ST. LOUIS -- Padres All-Star starter Tyson Ross held the Cardinals without an extra-base hit on Friday, but he provided enough other favors to assist the Cardinals in a matchup of the league's two most run-starved offenses.
All but one of the Cardinals' runs in Friday's 4-2 win over the Padres at Busch Stadium were scored by players who reached base courtesy of Ross' wildness. It was in sharp contrast to another in-control start by Cardinals starter Lance Lynn and also to the Cardinals' last crack at Ross, when they wasted a plethora of scoring chances.
"That was definitely on our minds," manager Mike Matheny said. "Fortunately, we were able to get a little bit early and then add on some late."
Ross' night got off to an inauspicious start as he fed right into the Cardinals' patient approach. Unable to find the plate, Ross walked the bases loaded on 16 pitches.
"I came into this day knowing that my first at-bat, I was going to make him throw strikes," said Kolten Wong, who drew the second of those three walks. "When I faced him the first time, I was a lot more aggressive. It was the wrong approach."
The Cardinals took advantage, scoring first on Matt Adams' RBI single and then on a groundout by Jhonny Peralta. Ross did get out of the 32-pitch inning without further damage, but it would be a deep a hole for the Padres' low-scoring offense. San Diego is the only club with fewer runs scored this season than the Cardinals.
"Plain and simple, I just didn't have fastball command the first inning," Ross said. "I needed to make an adjustment, and unfortunately that didn't happen until the second inning."
Ross would only walk one more batter over his six-inning start, but command issues continued to plague him. He plunked outfielder Jon Jay twice, and Jay turned the free base in the fourth inning into the team's third run when Wong poked a two-out single to left.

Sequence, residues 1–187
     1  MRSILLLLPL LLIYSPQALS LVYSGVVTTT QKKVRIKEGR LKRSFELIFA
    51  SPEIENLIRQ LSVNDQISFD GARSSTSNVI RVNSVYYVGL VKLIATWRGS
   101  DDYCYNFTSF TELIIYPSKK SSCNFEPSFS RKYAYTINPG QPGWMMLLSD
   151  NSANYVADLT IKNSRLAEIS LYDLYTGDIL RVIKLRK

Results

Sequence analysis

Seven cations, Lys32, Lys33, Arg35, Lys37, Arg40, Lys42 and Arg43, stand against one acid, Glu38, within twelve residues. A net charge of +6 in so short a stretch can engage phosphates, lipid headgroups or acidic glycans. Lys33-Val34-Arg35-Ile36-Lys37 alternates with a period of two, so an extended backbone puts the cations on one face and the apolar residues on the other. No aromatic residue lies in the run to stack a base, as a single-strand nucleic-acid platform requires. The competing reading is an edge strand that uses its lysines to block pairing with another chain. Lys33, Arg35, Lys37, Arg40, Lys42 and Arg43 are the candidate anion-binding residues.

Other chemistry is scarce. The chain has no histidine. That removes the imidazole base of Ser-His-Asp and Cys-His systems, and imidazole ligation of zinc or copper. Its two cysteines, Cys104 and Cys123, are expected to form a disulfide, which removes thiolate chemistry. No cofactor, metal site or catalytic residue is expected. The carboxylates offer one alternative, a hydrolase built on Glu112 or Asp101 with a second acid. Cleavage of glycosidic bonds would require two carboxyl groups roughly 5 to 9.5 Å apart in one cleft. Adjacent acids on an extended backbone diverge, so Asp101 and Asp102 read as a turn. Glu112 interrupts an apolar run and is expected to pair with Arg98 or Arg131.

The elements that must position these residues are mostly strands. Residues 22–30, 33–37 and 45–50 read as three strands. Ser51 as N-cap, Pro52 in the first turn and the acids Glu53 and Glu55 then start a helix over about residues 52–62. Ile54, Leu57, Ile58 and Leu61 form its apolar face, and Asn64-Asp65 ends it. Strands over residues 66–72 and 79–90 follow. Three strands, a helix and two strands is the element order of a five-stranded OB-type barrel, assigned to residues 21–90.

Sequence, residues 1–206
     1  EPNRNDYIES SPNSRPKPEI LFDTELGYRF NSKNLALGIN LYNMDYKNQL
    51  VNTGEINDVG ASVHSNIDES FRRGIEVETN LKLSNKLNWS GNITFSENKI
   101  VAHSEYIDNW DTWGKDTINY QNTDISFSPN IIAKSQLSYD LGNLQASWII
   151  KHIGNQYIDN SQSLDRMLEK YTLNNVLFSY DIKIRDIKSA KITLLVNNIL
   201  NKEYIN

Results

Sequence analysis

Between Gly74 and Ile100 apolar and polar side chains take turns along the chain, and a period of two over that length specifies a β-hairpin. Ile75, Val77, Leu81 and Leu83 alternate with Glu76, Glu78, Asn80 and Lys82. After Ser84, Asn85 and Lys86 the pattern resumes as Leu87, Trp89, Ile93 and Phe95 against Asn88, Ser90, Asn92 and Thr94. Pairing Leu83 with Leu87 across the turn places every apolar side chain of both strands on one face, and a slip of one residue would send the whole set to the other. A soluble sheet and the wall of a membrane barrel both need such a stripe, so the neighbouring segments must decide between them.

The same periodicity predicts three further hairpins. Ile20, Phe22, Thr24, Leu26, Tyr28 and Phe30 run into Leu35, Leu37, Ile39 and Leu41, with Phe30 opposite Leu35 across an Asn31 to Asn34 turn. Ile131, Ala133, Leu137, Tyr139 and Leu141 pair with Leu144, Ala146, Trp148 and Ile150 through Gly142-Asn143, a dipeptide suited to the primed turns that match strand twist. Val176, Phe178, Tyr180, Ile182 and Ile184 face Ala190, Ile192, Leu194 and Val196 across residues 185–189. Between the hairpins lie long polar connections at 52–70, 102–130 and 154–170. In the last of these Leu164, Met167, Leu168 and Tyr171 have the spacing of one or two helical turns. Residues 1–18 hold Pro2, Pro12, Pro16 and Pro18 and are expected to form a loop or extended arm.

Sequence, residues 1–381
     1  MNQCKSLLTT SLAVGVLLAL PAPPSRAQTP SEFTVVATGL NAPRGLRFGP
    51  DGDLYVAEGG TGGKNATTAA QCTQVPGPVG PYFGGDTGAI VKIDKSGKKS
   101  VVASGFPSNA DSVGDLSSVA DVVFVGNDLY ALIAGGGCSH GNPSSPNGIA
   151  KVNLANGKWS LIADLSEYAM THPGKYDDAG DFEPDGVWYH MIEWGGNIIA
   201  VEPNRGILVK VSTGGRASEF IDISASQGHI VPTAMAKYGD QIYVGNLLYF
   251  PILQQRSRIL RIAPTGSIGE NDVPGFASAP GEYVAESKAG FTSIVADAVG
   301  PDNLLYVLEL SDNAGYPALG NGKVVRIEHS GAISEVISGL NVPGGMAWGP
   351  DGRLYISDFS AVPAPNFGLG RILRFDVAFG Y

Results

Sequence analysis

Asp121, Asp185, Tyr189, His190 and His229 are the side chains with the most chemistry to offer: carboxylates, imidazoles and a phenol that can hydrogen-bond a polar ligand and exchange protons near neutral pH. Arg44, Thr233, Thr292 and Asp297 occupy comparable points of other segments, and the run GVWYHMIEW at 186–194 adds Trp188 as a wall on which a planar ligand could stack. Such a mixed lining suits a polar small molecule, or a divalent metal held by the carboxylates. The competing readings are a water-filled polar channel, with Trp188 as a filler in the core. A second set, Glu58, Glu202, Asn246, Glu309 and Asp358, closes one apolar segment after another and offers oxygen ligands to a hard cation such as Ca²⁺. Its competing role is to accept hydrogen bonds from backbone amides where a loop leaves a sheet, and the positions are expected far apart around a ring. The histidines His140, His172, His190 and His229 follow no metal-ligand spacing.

The ability to capitalize on Ross' freebies was something the Cardinals hadn't been able to do when they faced him in San Diego just a little more than two weeks ago. Ross walked five in that start, but limited the Cards to one run while outdueling Lynn. This time, Lynn would finish ahead.
Lynn, who has emerged as a reliable front-line starter in this rotation, lowered his ERA to 2.91 while helping push the Cardinals' modest winning streak to three. The Padres tagged him for a run in the fifth, when Will Venable followed consecutive singles with a two-out double off the wall in right-center. Jace Peterson scored easily, but the Padres opted not to be aggressive in sending Ross home from first.
That risk aversion cost San Diego a run as Lynn powered his way out of the inning with a strikeout and popout.
"[Tommy Medica] had trouble with fastballs all night, so that was a pretty simple call right there," Lynn said. "Then Seth [Smith] … I wasn't going to give him anything over the plate. I was going to make him turn on something, and I was able to get out of it."
Lynn worked around a two-out double in the sixth to close out a start that would lift him to his 13th win of the season. He is the seventh National League pitcher to reach that plateau, and he also cracked the top 10 in NL starter ERA with his latest quality start. He may have gone deeper had the Padres not started fouling off so many of his pitches the second time through the order. Still, Lynn finished six innings for the seventh time in eight starts.
Lynn's allowed two or fewer runs in seven of his last eight starts, posting an ERA of 1.97 during that span.
"Just another good night of using his fastball," Matheny said. "He has a real nice feel for all of his pitches right now."
Oscar Taveras delivered a two-out, pinch-hit RBI single to extend the Cardinals' lead in the eighth, and it proved to be a handy cushion when Pat Neshek found himself in a pickle shortly thereafter.
With Trevor Rosenthal down after throwing 24 pitches the night before, Neshek emerged as Matheny's closer du jour. He notched his fourth save, but not before Yasmani Grandal took him 431 feet deep to right-center and the Padres rallied to bring the tying run to the plate.
Neshek then turned to his changeup to notch the game-ending strikeout.
"It was a tough one," Neshek later admitted of the 22-pitch inning. "I was kind of running on fumes at that point."
Jenifer Langosch is a reporter for MLB.com. Read her blog, By Gosh, It's Langosch, and follow her on Twitter @LangoschMLB. This story was not subject to the approval of Major League Baseball or its clubs.